Clydehurst Fly Fishing Camp, 2016 days 2,3

These are the core of the fly fishing camp; the hard core instructional days. Each morning started with a great chapel service lead by pastor Travis Syvrud. In the school sessions, Marc addressed Reading Waters and “Bugology” while I tackled knots, casting, equipment, and Nymphing. A Q and A session allowed the students to fill in the blanks that we generated or that they did not have answered in the regular sessions. In the afternoon of day 2 there was a casting skills competition, both accuracy and distance. It was fun and funny, and everyone had a great time. It lead into a discussion of distance casting that included line loops, shooting line, and the Double Haul.

The food at camp is always outstanding and overly abundant. The only ones going away hungry are those that chose to go away hungry. The fishing has been very good in the evenings after dinner, and everyone has caught fish or had the opportunity to catch fish, and that is a great incentiviser.

We are already planning for 2017–Sept. 14-17. If you’re interested, please contact Clydehurst (see under Links  to right).


I’ll bet I can cast further than you can!


Hey, this accuracy event is hard!



Fly Fishing Collaborative

Human trafficking is a sickening reality in this day and age. And the trafficking of children is especially so. The Fly Fishing Collaborative was instituted to rescue children from human trafficking through the efforts of the fly fishing community. It is a very unique program. The Collaborative builds self-contained, closed-loop aquaponic farms in which a community can raise both fish and vegetables, giving them a self-sustaining life-style that does not require them to sell their children for sustenance.. For more, see here. It has been a very effective tool in eliminating child trafficking where it has been instituted.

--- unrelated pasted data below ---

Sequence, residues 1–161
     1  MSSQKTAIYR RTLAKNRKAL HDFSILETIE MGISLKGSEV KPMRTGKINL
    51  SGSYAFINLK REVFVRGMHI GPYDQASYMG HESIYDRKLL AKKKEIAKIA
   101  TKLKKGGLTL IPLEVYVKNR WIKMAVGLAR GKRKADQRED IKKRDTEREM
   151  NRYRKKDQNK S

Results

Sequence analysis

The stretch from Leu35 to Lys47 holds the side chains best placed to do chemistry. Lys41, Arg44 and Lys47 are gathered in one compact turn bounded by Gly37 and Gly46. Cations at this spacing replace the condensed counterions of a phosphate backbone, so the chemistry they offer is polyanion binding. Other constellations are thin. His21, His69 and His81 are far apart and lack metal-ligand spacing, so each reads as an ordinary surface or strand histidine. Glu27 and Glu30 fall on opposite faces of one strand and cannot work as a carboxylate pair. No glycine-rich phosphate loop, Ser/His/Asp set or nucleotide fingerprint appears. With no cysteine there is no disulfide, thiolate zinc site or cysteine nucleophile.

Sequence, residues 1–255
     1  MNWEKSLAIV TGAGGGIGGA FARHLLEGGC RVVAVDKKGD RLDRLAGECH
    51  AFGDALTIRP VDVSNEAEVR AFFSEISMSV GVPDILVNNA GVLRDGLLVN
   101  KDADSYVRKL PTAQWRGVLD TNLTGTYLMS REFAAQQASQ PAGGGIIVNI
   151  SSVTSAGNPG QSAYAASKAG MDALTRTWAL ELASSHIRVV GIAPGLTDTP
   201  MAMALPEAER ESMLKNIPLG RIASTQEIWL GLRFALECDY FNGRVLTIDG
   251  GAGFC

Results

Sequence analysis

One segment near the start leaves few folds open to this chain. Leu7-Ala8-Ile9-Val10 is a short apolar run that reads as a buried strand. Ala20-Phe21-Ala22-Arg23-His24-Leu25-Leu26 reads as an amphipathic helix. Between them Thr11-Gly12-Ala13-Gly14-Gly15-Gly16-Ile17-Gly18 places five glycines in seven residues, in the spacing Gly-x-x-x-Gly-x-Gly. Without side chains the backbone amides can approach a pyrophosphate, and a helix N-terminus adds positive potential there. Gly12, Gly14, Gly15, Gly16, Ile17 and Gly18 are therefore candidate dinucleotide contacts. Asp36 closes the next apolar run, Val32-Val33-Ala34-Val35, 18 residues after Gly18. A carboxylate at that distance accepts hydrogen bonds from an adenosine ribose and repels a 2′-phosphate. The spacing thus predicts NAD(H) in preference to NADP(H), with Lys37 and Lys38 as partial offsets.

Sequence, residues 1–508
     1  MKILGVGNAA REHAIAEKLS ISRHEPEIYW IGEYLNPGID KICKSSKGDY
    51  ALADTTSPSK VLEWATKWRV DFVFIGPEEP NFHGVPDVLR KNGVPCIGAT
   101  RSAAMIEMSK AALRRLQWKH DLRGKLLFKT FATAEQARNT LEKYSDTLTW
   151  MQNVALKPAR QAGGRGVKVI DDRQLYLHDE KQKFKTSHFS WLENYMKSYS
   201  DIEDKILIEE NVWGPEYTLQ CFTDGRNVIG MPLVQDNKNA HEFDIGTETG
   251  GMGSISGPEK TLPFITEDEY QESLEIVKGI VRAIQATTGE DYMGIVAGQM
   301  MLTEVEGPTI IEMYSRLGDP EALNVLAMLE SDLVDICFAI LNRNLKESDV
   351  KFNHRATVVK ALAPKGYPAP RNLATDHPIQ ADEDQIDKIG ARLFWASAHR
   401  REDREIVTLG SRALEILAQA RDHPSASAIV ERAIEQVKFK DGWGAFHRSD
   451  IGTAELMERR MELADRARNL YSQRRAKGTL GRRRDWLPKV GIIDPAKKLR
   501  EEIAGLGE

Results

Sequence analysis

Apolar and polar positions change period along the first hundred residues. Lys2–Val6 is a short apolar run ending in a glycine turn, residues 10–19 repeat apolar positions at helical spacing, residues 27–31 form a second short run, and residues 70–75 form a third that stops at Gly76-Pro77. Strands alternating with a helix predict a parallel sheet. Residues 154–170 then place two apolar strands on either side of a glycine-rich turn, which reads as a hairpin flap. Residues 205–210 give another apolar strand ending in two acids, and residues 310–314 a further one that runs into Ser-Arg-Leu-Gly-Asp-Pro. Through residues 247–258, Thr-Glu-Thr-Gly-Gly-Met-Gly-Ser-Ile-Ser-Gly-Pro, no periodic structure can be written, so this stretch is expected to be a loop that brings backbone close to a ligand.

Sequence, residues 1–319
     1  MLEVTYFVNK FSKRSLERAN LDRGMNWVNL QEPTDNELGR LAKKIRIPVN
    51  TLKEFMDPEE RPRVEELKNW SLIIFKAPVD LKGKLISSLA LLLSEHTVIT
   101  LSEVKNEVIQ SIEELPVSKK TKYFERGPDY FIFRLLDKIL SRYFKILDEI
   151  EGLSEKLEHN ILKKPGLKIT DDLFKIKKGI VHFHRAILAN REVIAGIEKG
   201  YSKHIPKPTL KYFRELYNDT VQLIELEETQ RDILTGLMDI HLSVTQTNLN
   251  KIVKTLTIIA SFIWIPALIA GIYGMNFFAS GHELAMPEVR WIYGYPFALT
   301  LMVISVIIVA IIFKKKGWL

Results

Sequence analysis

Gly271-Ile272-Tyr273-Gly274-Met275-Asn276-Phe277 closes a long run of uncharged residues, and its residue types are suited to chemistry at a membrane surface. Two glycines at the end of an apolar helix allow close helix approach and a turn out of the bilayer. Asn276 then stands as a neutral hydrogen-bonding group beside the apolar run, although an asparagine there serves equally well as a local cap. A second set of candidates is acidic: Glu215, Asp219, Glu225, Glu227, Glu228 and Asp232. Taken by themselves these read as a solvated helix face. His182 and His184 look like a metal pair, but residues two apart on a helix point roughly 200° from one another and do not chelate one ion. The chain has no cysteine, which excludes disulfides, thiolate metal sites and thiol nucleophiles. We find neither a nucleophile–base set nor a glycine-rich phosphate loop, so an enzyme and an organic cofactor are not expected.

They need our help. One of the ways the Collaborative raises funds is through the sale of specially handmade, leather fly wallets filled with flies. I have examined the wallets, and they are made of rich, full-grain leather lined with wool. They have a strong magnetic clasp and are designed to hold 24 salmon or steelhead flies. There are two ways we can assist: (1) contribute flies or cash to the project, (2) purchase the fly wallets and/or other items from them. See them at products. The money goes directly to the building of aquaponic farms.

To contribute flies or money, go to Give and contact Bucky Buchstaber.

Thank you so much for your consideration of this most worthy cause.



The Fly Wallet is made if full grain leather, strongly stitched with magnetic closures.


The wallet holds 24 salmon or steelhead flies very comfortably and neatly.



The wallet is a great way to carry those special imitations for salmon and steelhead and help the children of the world.

Interview at

I was recently interviewed by It is an Argentine based blog. You can see the interview here.


A nice Argentine rainbow.

Parachute Flies, Stage 3 Emerger

Stage three of emergence of the three groups that hatch at the film—mayflies, cadis, and midges—occurs as the adult pulls itself free from the nymphal or pupal skin. The wings have started out (Stage 2) and now comes the head, and legs. The body of the insect is sticking straight up, or nearly so, the wings are pulled down along its back, the legs are out and on the water. It looks for all the world like a Parachute Adams or Klinkhammer. The parachute “dry” flies are actual emergers. The body is below the hackle and so it snuggles into the film or actually rides below the film—just like the nymphal or pupal body of the emerger.

The Parachute Adams is a great representation of stage three. Tie the Adams Family; in addition to the gray body of the original, tie them with a black body, a pale yellow body, a tan body, and a pale olive body in sizes 12 to 20 and you can match nearly all the mayflies, caddis, and midges that are emerging. A great fly.